Henri Matisse and Richard Diebenkorn never met, but Diebenkorn, the California postwar artist, was profoundly influenced by the work of the French modern-art pioneer, and the two shared a creative wavelength.
“Matisse/Diebenkorn,” an exhibition at the San Francisco Museum of Modern Art, pairs paintings and drawings by these artists, looking at Diebenkorn as Matisse’s artistic heir.
About 100 works (including some masterpieces) by the two 20th-century giants focus on how Diebenkorn (1922-1993) throughout his career drew inspiration from Matisse (1869-1954), whose paintings he saw in museums and galleries.
Through pairings and wall text, curators Janet Bishop, from SFMOMA, and Katy Rothkopf, from the Baltimore Museum of Art, examine how Diebenkorn incorporated ingredients from Matisse’s work into his own creative process as he continued to take American abstract and figurative art to new places.
Both painters were master colorists.
Their work features a superb sense of balance between interior and outdoor components, and between geometric and sinuous elements. Their subjects, rooted in art history, include seated women, studio scenes and the still life.
The exhibition follows the career of Diebenkorn, from postwar abstract expressionism to Bay Area figurative art and back to abstraction, with Matisse acting as a splendid supporting presence.
Matisse’s “Goldfish and Palette” (1914) and Diebenkorn’s abstract “Urbana #6” (1953) make up an opening pairing. Patches of black white and blue in Matisse’s representational work echo in Diebenkorn’s abstract construction. Vermillion splotches in Diebenkorn’s picture suggest Matisse’s fish imagery.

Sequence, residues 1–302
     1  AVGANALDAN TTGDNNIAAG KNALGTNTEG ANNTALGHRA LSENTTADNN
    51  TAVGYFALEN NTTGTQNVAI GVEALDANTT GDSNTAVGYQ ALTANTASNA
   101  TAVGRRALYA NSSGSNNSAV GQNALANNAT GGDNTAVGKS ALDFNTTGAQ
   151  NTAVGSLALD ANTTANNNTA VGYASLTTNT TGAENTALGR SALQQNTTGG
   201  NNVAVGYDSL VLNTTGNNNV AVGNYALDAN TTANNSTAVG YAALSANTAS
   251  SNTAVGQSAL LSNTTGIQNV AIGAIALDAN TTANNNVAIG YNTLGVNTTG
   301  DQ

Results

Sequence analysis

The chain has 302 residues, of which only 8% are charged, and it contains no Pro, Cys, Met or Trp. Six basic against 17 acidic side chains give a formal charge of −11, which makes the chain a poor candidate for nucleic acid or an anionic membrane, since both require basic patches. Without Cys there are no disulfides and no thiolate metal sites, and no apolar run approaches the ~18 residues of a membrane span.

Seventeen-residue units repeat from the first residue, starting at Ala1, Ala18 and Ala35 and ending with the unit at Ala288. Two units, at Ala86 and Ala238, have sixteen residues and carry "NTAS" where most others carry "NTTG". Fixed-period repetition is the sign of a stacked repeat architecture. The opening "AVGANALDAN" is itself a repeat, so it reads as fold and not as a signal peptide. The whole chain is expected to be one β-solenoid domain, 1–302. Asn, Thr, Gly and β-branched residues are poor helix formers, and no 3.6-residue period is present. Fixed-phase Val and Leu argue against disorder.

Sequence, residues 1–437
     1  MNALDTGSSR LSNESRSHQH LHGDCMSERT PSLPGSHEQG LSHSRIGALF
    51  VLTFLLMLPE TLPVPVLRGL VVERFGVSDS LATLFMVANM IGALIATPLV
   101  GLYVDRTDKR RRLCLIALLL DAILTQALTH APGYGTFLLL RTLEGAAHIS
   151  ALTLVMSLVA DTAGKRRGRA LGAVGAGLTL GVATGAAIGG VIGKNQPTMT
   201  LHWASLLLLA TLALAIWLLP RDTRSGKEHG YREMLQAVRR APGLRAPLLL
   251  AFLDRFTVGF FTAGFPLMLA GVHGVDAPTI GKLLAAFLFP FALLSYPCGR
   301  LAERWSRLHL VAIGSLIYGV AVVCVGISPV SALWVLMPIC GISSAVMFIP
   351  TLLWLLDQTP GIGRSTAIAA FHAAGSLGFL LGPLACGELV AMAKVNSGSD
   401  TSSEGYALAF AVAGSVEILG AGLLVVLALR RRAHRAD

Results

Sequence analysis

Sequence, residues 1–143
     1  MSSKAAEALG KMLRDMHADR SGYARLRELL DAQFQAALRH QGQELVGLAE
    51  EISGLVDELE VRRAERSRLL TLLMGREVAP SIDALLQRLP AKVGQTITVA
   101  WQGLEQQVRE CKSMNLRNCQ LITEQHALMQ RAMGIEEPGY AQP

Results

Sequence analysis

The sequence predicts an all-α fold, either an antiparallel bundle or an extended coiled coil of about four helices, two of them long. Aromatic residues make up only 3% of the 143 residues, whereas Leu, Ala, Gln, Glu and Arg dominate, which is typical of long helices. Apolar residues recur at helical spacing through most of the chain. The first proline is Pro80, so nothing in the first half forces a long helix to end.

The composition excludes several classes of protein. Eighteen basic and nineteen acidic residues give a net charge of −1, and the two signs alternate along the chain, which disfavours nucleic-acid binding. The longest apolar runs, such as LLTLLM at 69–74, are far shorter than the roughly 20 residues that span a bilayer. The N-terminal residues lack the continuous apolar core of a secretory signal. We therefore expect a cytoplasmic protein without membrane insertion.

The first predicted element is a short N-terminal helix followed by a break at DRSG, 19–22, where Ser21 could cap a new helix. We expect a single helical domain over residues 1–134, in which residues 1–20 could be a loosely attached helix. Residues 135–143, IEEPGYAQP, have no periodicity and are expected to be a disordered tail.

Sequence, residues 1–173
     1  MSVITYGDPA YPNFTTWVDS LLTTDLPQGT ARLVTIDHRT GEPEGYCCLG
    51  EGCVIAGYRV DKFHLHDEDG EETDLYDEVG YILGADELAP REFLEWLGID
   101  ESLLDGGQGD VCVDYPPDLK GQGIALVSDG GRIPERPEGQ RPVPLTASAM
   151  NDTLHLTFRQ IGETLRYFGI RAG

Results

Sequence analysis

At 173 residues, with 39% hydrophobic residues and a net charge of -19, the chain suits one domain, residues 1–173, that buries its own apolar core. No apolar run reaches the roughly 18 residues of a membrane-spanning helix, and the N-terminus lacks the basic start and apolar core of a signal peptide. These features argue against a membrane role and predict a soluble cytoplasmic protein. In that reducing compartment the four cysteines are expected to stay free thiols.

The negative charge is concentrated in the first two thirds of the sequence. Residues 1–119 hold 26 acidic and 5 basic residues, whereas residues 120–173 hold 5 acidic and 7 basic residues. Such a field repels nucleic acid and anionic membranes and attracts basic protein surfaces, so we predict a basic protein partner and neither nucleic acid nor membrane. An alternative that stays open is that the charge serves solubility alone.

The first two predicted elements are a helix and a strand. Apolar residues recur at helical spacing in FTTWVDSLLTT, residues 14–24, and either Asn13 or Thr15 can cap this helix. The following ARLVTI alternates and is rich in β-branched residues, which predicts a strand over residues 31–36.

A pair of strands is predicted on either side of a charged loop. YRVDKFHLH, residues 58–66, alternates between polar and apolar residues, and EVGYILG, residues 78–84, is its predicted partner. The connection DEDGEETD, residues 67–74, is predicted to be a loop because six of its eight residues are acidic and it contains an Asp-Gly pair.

Matisse’s “Interior With a Violin” (1917-18) appears to have been on the mind of Diebenkorn when he painted “Interior With Doorway” (1962), though the exquisitely rendered folding chair is Diebenkorn’s entirely. Each work features indoor and outdoor imagery, bright light shining through windows, and rectangles playing off one another.
Models sitting in chairs are both artists’ terrain. Beyond the similarities behind their pairing, Matisse’s fauve-period “Woman With a Hat” (1905) and Diebenkorn’s contemporary-looking “Seated Figure With Hat” (1967), like so many pieces on view here, shine individually.
Additional highlights include works from Diebenkorn’s ambitious, late-career “Ocean Park” cycle, which consists of about 135 abstract works inspired by the artist’s Santa Monica environs. Also look for “French Window at Collioure” (1914) and “View of Notre Dame”(1914), experimental works by Matisse that influenced Diebenkorn’s “Ocean Park” series.
Black-and-white works created by Diebenkorn in 1964, too, are on view. Highlights include an untitled still life with a coffee cup, tableware and a tablecloth whose floral design suggests patterns from Matisse’s works.
A coda section contains pieces by contemporary artists inspired by Matisse and Diebenkorn. Particularly noteworthy and fun is Rachel Harrison’s “Hoarders,” a colorful multimedia sculpture resembling the chapeau from Matisse’s “Woman in a Hat.”
IF YOU GO
Where: San Francisco Museum of Modern Art, 151 Third St., S.F.
When: 10 a.m. to 5 p.m. daily (except closed Wednesdays and until 9 p.m. Thursdays); closes May 29
Admission: $19 to $25; free for ages 18 and younger
Contact: (415) 357-4000, www.sfmoma.orgBaltimore Museum of ArtHenri MatisseJanet BishopKaty RothkopfMuseums and GalleriesRichard DiebenkornSan Francisco Museum of Modern ArtVisual Arts